Intro to Lit. B4
While there is arguably no justification for suicide, in the novel The Awakening by Kate Chopin, it is Edna’s act of freedom. The time period in which it happens, and the events that lead up to it only give a clear explanation that all she wants is freedom. Edna can be viewed as selfish in this situation but with the circumstances she was under and the thought process she thoroughly dissected, it is very clear Edna’s rebellion toward her life in society was not selfish at all, however done in an act of freedom.
In the society that Edna is living in, she continuously searches for freedom. She feels as if being independent is not an option, especially in a society that does not accept women. Edna searches for freedom anywhere she can grasp it because no one understands her, “He did not know; he did not understand” (116). Robert was the “he” in her pre-suicidal self talk. Robert never understands her just like everybody else in her family. As she kills herself she feels that she is escaping the world that does not understand her or accept her and thus gaining freedom.
Edna eventually decides that suicide is the only way out of her horrible life and finds her freedom. She clearly thinks about every possible impact that her death may have on a person and is very careful about her way of killing herself, therefore not acting selfishly because she took time to think of everyone, “She thought of Leonce and the children. They were a part of her life. But they need not have thought that they could possess her, body and soul” (116). Edna would not have any satisfaction going back to her children and Leonce because she would feel as if she restricts her own freedom by choice. Her whole thought process involves making her suicide looking like an accident so that there is no faulty feeling by anyone in the family. Her suicide allows her freedom in an unselfishly manner because of her thoroughly planned out attack that set her free.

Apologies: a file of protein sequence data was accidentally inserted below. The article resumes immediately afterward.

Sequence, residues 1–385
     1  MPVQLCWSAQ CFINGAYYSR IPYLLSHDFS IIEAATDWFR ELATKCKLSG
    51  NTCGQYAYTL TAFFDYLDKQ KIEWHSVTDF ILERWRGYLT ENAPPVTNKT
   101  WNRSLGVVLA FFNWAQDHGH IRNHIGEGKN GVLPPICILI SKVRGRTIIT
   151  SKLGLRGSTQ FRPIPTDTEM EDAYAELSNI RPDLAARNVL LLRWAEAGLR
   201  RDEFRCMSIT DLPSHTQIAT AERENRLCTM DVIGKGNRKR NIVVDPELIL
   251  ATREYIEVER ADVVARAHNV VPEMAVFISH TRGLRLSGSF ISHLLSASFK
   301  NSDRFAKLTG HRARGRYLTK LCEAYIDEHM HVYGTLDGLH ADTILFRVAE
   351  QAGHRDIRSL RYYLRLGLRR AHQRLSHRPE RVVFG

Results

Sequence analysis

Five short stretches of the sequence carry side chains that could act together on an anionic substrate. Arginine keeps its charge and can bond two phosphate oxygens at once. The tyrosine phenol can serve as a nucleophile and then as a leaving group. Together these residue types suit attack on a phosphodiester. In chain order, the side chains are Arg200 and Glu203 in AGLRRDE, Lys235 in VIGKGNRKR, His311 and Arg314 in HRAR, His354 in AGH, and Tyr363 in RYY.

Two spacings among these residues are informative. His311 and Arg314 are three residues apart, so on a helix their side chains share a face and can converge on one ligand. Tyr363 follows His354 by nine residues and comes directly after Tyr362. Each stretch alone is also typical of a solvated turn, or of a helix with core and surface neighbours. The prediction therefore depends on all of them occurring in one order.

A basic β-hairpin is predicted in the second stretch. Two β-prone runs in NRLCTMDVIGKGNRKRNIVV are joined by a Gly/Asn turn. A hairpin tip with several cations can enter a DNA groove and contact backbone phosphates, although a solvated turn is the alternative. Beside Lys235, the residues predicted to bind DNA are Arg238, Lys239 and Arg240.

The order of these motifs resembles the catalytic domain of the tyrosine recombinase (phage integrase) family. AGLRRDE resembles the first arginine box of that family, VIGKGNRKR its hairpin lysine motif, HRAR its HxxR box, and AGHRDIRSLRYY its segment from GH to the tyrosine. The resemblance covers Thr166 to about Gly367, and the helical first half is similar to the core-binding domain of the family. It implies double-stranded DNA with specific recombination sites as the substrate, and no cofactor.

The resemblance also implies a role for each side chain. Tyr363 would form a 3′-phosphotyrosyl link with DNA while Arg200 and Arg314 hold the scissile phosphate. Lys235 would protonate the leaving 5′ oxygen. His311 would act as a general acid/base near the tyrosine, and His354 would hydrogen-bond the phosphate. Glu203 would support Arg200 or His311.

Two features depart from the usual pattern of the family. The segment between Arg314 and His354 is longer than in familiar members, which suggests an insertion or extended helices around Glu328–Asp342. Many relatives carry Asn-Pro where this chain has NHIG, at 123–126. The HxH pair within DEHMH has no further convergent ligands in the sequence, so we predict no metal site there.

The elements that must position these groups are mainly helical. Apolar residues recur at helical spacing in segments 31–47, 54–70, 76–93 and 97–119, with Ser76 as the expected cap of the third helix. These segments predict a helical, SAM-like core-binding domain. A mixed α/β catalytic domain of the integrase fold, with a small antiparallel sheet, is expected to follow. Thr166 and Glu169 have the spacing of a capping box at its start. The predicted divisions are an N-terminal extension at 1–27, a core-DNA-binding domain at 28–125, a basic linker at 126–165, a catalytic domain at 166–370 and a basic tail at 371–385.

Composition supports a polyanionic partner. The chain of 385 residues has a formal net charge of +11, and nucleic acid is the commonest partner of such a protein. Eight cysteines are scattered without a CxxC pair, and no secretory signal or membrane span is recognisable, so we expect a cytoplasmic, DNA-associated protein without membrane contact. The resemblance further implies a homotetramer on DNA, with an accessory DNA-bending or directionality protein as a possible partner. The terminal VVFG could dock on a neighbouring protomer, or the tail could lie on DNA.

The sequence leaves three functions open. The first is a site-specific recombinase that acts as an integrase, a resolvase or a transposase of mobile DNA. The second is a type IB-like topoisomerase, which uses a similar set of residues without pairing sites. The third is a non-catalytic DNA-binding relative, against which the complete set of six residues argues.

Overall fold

Edna continuously throughout her life tries to stand up for what she believes and be true to herself and everyone in her life but no one understands. She feels that there’s no hope for freedom and she’s so sad that there’s nothing else to do. Her community keeps damaging her right to be herself and to have freedom. Edna finds freedom in the sea, “The voice of the sea is seductive… inviting the soul to wander in abysses of solitude” (115). The sea pulled her in and set her free. Edna feels as if no one understands her and believes that suicide is the only way out, therefore it is unselfishly her act of freedom.